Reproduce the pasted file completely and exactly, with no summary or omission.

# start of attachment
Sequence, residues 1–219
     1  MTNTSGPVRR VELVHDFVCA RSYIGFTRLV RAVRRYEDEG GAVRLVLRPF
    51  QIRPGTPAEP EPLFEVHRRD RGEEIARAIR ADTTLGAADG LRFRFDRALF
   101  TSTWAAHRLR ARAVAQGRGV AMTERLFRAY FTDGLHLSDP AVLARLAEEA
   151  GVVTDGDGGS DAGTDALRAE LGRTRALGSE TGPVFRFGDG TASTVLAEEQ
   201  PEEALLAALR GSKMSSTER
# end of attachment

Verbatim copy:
Sequence, residues 1–219
     1  MTNTSGPVRR VELVHDFVCA RSYIGFTRLV RAVRRYEDEG GAVRLVLRPF
    51  QIRPGTPAEP EPLFEVHRRD RGEEIARAIR ADTTLGAADG LRFRFDRALF
   101  TSTWAAHRLR ARAVAQGRGV AMTERLFRAY FTDGLHLSDP AVLARLAEEA
   151  GVVTDGDGGS DAGTDALRAE LGRTRALGSE TGPVFRFGDG TASTVLAEEQ
   201  PEEALLAALR GSKMSSTER